SPENDING a last couple of hours with the family before I head to London on the Virgin West Coast service to Euston.
And do you know why I’m catching the train instead of the plane? Because it’s more environmentally friendly? No. Because, as a former rail minster, I should? No. Because it’s quicker? Obviously not (not usually, and not yet).
I catch the train for the same reasons that millions of others do: because it suits me. I get the chance to read, to write, to watch DVDs, to relax. That’s how I like to travel. There is absolutely no altruistic motive involved.
And that’s the key to encouraging more modal shift. There’s no point in appealing to people’s concern for the environment – far too few people will change their behaviour on that basis to make a significant difference. More people will switch from air to rail if, and only if, their quality of life will improve as a result. If it makes financial sense, if it gives them more time to be productive, if it suits them – that’s the basis on which people make most major lifestyle choices.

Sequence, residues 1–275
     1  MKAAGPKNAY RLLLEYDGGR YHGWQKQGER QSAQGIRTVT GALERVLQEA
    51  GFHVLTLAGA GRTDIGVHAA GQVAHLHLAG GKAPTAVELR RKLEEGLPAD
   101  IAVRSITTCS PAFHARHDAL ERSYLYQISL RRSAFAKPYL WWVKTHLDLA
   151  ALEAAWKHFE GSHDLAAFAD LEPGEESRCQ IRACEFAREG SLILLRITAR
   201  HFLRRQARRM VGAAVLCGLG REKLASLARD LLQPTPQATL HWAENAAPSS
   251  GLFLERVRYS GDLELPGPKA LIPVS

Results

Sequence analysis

As it happens, I’ll be returning to Glasgow by air, because the train won’t be a viable option by the time I set out on Wednesday evening. No doubt that will be criticised by readers of this blog who think I should be putting concern for the environment before the desire to spend the night in my own home with my family. So be it.
Back in June, I happened to mention in a post that I was driving home from London. Almost immediately, Roger Ford (writing as his pseudonym, Captain Deltic), editor of Modern Railways, and the Fact Compiler (of the Railway Eye blog, posted comments to the effect that, as railways minister, I shouldn’t be driving, I should be using the train.
Defensively, I pointed out in reply that I was also the minister responsible for the Highways Agency. In hindsight, what I should have said was, that like millions of other Britons I own a car and I enjoy driving, so why on earth shouldn’t I drive when I feel like it?
Preaching to car owners about the evils of driving isn’t going to make people change the way they travel; making the alternatives more attractive and convenient will.
PS: I just noticed that this is my 500th post. Hurrah for me…